Ever since the case above DNA has been widely used in criminal prosecutions around the globe.
It is always thought of as bombproof or watertight; imagine sitting on a jury and being told;
“The offender was a white man in his early thirties with brown hair, the offence was committed in London. The defendant denies having any contact with the victim. A DNA profile of an individual was found on the victim, that profile matches the defendant. The chances of that profile not being that of the defendant are 1 in 1 billion; the defendant is in his early thirties, lives in London and has brown hair”
Would you find him not guilty? I’d suggest probably not, but what if we removed the DNA evidence and you were left pondering how many males are there in London, in their early thirties with brown hair? It makes a huge difference, you might think.
Can DNA evidence be wrong?
DNA is powerful evidence, but can it be wrong? Well it appears that it is has been shown to have been misinterpreted in a string of cases. It is reported that research published by Ruth Morgan, director of the Centre for the Forensic Sciences at University College London suggests that rulings in 218 successful appeal cases between 2010 & 2016 argued that DNA evidence was misleading.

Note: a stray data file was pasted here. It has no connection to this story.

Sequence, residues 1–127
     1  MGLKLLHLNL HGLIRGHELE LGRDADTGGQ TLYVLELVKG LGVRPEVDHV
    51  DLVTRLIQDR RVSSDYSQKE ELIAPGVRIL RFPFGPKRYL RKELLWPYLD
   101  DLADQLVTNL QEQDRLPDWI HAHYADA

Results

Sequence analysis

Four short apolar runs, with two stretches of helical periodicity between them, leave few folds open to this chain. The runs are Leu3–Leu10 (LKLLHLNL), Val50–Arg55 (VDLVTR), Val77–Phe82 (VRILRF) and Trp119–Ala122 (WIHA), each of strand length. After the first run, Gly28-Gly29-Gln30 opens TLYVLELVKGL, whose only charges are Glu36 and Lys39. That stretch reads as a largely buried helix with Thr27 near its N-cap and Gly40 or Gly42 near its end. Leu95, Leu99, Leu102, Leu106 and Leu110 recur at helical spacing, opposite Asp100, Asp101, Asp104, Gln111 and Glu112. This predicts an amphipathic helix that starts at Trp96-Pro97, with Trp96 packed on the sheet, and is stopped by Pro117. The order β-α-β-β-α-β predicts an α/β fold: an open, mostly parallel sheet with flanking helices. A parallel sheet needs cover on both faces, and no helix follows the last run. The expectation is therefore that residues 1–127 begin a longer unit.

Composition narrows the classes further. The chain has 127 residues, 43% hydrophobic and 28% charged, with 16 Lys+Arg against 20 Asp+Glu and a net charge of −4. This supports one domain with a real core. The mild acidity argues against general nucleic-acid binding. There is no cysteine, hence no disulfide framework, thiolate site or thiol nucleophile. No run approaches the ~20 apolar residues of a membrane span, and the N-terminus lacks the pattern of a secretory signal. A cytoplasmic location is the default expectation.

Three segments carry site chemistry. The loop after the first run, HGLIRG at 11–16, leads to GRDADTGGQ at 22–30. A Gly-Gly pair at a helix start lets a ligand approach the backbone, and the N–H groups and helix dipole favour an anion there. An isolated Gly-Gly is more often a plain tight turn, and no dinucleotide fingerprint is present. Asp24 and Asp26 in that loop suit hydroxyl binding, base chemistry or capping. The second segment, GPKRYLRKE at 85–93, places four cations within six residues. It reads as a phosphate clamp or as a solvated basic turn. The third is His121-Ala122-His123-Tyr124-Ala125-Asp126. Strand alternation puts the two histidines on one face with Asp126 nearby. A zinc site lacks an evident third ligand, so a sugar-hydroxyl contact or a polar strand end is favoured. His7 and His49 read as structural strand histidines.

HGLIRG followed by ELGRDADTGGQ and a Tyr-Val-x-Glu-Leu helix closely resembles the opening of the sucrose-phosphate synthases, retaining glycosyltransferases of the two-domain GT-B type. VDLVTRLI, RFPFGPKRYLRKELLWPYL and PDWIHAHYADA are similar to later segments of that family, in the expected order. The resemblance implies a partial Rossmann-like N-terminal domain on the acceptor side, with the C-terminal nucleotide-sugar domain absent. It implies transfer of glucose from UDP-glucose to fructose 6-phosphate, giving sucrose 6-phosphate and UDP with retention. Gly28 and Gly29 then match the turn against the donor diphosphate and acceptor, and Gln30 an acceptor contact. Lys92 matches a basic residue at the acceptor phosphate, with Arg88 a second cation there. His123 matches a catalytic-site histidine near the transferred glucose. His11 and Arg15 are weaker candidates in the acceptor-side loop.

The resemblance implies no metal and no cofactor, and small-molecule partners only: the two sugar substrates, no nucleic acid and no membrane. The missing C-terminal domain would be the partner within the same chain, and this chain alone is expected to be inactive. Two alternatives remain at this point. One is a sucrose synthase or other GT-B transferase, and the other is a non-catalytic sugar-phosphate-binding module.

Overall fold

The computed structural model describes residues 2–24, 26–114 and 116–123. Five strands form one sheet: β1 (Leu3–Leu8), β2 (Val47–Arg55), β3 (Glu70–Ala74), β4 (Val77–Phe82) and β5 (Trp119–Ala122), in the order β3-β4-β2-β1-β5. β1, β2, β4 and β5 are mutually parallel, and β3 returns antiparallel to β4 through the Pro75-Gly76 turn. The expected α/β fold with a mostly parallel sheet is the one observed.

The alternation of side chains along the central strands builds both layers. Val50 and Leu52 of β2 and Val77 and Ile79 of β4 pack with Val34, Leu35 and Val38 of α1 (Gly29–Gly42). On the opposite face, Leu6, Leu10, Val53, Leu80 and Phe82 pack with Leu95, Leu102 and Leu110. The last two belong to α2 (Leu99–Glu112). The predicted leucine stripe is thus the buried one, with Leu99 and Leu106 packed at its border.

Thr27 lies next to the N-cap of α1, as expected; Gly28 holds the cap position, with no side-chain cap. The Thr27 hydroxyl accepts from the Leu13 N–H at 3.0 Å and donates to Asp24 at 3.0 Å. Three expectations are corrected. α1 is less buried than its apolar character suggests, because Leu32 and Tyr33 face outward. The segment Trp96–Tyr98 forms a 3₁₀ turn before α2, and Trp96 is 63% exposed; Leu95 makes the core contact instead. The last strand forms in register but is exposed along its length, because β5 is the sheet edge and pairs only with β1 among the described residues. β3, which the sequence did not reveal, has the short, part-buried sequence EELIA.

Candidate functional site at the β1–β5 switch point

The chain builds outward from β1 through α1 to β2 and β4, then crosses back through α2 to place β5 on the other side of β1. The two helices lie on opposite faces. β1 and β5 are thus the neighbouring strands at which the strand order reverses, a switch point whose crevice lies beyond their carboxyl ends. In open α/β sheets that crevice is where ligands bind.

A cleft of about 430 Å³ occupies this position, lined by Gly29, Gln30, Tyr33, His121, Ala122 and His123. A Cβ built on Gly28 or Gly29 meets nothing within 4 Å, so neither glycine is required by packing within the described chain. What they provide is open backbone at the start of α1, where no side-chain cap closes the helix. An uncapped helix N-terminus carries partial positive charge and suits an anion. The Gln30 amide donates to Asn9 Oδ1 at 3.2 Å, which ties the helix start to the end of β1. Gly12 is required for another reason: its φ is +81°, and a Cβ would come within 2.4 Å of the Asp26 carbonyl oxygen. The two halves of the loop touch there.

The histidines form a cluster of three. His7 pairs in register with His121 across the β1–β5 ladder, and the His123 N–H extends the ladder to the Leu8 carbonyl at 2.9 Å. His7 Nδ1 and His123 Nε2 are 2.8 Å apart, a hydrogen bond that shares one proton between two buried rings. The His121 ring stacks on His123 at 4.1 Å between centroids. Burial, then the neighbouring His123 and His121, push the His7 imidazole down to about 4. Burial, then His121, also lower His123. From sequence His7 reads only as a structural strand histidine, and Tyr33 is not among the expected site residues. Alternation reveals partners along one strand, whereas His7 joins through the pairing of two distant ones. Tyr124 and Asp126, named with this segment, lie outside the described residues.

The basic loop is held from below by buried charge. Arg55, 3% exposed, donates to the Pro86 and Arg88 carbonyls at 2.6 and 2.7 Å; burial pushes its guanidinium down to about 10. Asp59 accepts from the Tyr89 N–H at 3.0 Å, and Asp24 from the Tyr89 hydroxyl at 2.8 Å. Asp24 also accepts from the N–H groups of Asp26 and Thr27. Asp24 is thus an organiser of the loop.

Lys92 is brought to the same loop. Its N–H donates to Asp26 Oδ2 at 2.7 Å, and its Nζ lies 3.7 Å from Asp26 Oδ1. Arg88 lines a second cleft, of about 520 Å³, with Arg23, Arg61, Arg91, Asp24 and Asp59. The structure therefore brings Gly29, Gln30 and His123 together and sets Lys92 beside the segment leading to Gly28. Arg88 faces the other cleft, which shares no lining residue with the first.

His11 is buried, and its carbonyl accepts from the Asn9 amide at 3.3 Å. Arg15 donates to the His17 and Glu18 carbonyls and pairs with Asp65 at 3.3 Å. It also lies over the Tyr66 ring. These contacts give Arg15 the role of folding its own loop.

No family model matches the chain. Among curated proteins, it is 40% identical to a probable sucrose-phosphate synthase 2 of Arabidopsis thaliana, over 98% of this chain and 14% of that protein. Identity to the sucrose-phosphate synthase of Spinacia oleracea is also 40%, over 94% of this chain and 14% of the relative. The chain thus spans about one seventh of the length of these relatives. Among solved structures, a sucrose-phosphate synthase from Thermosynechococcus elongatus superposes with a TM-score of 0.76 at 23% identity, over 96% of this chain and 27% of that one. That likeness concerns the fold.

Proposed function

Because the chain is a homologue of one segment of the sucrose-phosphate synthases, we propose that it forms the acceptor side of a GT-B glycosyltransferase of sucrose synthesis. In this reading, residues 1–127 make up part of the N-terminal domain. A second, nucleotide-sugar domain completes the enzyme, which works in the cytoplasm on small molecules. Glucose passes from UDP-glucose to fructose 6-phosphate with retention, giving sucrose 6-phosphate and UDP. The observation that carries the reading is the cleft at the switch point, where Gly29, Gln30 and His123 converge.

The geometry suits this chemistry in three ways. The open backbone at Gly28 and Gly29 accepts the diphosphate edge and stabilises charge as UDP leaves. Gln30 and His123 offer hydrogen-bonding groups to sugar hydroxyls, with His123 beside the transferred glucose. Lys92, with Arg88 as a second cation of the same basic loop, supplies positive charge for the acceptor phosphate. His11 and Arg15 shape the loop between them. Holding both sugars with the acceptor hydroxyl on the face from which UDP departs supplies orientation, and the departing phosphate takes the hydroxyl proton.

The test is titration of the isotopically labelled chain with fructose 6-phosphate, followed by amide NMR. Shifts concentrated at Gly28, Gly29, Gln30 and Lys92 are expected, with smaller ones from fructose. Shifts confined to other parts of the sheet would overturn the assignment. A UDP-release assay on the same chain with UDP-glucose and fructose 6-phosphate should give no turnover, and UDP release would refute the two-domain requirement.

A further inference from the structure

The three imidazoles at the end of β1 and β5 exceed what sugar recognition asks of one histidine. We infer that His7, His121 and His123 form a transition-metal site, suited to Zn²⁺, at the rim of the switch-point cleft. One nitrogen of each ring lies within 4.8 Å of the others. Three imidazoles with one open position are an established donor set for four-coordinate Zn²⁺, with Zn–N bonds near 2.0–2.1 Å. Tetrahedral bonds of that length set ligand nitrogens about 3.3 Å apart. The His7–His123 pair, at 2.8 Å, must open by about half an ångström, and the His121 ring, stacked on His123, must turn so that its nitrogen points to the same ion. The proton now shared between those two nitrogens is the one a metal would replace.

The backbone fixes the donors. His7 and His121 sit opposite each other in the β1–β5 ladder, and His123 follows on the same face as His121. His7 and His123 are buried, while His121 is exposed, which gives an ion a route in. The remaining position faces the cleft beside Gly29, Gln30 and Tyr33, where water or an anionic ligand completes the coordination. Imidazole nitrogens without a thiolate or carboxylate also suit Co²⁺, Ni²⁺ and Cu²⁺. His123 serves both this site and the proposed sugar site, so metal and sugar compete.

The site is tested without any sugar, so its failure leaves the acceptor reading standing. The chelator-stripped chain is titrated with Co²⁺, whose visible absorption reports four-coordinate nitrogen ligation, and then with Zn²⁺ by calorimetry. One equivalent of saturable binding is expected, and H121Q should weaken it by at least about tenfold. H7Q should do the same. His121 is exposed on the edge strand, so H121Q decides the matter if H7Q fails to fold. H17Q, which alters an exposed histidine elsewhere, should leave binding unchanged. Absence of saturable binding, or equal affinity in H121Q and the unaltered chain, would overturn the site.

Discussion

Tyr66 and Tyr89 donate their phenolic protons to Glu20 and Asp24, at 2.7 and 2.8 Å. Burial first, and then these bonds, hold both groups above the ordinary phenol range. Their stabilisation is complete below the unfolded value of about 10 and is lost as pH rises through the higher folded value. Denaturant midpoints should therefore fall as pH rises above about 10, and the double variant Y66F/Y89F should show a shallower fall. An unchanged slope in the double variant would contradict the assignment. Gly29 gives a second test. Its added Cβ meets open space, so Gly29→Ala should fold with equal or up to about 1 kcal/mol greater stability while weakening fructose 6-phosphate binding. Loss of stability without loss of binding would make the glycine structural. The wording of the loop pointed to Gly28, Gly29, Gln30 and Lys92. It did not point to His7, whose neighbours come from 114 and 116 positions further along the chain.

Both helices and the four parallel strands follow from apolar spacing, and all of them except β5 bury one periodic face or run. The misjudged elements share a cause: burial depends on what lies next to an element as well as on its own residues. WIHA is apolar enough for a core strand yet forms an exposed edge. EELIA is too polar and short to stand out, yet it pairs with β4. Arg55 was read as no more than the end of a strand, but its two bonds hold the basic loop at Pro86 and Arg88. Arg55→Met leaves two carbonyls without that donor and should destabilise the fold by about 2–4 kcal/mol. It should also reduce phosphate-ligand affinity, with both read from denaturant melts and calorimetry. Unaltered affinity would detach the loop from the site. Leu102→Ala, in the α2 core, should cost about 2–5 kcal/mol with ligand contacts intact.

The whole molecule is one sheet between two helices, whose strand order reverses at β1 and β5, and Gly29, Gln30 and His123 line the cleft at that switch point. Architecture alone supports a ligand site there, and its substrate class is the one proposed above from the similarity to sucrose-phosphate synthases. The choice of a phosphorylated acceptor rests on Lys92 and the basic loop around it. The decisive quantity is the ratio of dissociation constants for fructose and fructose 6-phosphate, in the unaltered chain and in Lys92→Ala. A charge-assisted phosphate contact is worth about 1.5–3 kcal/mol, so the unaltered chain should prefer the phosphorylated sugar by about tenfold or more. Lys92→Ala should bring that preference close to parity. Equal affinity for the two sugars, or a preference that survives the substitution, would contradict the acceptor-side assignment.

How can DNA evidence be misleading?
PROBLEM 1 – MIXED PROFILES
Advances in techniques in DNA extraction from samples recovered from victims or crime scenes means that DNA profiles are now being obtained from microscopic traces of material and often lead to mixed DNA profiles being obtained. A mixed profile is that of two or more individuals which is often difficult to prise apart. If a mixed profile is recovered from piece of clothing for example, will the major profile be from the last person to have worn in, somebody who has previously worn it, or somebody who has just touched it?